- Two more Washington, D.C., police officers, Gunther Hashida and Kyle deFreytag, died by suicide in the months after defending the U.S. Capitol during the Jan. 6 riot by Trump supporters
- Jeffrey Smith of the D.C. Police and Howard Liebengood of the Capitol Police, previously died by suicide within a month of the attack.
- The riot began after then-President Donald Trump urged supporters to march to oppose a joint session of Congress confirming the election of President Joe Biden.
Two more Washington, D.C., police officers died by suicide in the months after defending the U.S. Capitol during the Jan. 6 riot by Trump supporters, bringing the grim tally of such deaths to four.
One of those cops, 43-year-old Gunther Hashida, was found dead at his home last Thursday, according to a spokeswoman for the Metropolitan (D.C.) Police Department.
Hashida, joined the MPD in May 2003, and most recently was assigned to the emergency response team within the Special Operations Division.
Hours later, the MPD confirmed that another officer from the same department, Kyle deFreytag, died by suicide, and was found July 10.
DeFreytag, 26, had been with the department since November 2016.
A crowdfunding page set up Sunday to pay for a memorial service for Hashida, and to support his family, as of Monday night had raised more than $68,000 from more than 1,500 donors.
The GoFundMe page, which has a $250,000 donation target, said Hashida "leaves behind a loving wife, sister, 3 children, and a wonderful family."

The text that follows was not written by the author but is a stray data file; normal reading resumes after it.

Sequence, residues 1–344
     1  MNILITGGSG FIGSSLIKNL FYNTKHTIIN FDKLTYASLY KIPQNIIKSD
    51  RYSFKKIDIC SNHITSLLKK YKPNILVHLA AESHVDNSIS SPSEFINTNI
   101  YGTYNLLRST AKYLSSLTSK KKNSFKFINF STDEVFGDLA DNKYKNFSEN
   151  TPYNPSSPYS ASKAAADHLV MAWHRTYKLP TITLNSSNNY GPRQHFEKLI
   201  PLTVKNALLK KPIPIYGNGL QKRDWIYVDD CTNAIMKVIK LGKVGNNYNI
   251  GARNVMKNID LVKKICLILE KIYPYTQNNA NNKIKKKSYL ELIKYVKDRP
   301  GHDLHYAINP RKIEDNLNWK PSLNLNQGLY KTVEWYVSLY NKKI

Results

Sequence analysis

An online obituary for deFreytag said he "liked hiking, camping, riding his motorcycle, he liked traveling and playing the drums, he enjoyed trying different ethnic foods and always knew the best places to eat."
"Kyle was kind, he had a quick wit and a great sense of humor & kept us laughing for 26 years," the obituary said.
So far, five police officers have died in connection with the Jan. 6 riot.
Capitol Police officer Brian Sicknick, who collapsed in his office after responding to the riot, died Jan. 7 from two strokes. Washington's chief medical examiner has said that "all that transpired" during the riot played a role in Sicknick's condition.
Those officers, Jeffrey Smith of the MPD and Howard Liebengood of the Capitol Police, both had been with their departments for more than a decade.
The riot began after then-President Donald Trump urged attendees at a rally outside the White House to march to the Capitol, where a joint session of Congress was meeting to officially confirm the Electoral College victory of Joe Biden as the next president.
Hundreds of Trump supporters invaded the Capitol grounds and buildings, disturbing the proceedings.
About 140 officers from both the Capitol Police and the D.C. department were injured in the melee.
At a congressional hearing last week, four officers described being attacked, berated and threatened with death by throngs of people, many of whom were wielding weapons.
"I was at risk of being stripped of and killed with my own firearm, as I heard chants of, 'Kill him with his own gun,'" MPD Officer Michael Fanone testified.
Another cop, Capitol Police Sgt. Aquilino Gonell, vented frustration at the hearing at some members of Congress who have downplayed the danger from the riot.
"The same people who we helped, the same people who we gave them the borrowed time to get to safety, now they are attacking us, they are attacking our characters," Gonell said.
House Speaker Nancy Pelosi, D-California, issued statements of condolence for the deaths of Hashida and deFreytag.
"The loss of fallen officers who defended our democracy that day is devastating, and each life lost is a tragedy that America mourns, deeply," said Pelosi, who used the words "hero" and "patriot" to describe the cops.
If you or someone you know is in crisis, call the National Suicide Prevention Lifeline at 800-273-8255.